National Fisherman

If you're in the mood for a lobster roll so fresh that you can practically smell the ocean, or a heaping plate of mouthwatering fried clams that evoke fond memories of warm summer days at the beach, a visit to the 2013 Working Waterfront Festival will certainly please your palate.

Celebrating its 10th year, the Working Waterfront Festival offers the public a unique opportunity to gain a firsthand understanding of the area's vital commercial fishing industry and taste an array of tantalizing seafood dishes.

The festival will be held rain or shine, Sept. 28-29, at Fisherman's Wharf/Pier 3 and Steamship Pier on the waterfront. Hours are 11 a.m. to 6 p.m. Saturday and 11 a.m.-5 p.m. Sunday. Admission is free.

"Food is of course a central element of the festival," begins Laura Orleans, festival director. "We try to give people a myriad of experiences to understand all that goes into bringing seafood from the ocean to the plate."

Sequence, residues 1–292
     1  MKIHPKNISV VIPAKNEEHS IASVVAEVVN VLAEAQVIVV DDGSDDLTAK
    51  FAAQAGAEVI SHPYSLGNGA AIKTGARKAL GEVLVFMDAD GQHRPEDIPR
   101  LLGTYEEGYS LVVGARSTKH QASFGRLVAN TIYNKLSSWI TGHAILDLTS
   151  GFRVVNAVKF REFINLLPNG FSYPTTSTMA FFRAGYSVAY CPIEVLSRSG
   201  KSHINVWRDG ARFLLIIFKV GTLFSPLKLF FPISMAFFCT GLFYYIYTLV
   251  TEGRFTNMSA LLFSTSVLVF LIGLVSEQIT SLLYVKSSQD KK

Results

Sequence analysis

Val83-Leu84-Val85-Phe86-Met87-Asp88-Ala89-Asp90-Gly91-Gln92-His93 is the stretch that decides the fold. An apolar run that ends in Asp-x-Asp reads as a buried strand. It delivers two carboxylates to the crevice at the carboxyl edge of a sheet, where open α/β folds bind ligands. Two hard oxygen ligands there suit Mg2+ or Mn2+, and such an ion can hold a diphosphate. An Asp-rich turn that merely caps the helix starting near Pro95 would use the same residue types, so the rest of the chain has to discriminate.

Read the full story at Standard-Times>>

Inside the Industry

It’s no secret that fraud is a problem in the seafood industry. Oceana repeatedly touts a mislabeling epidemic. While their method has been criticized, the perception of rampant fraud  has been established.

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The Center for Coastal Studies recently announced that Owen Nichols, Director of the Center for Coastal Studies’ Marine Fisheries Research Program, has been selected as this year’s recipient of the John Annala Fishery Leadership Award by the Gulf of Maine Research Institute. 

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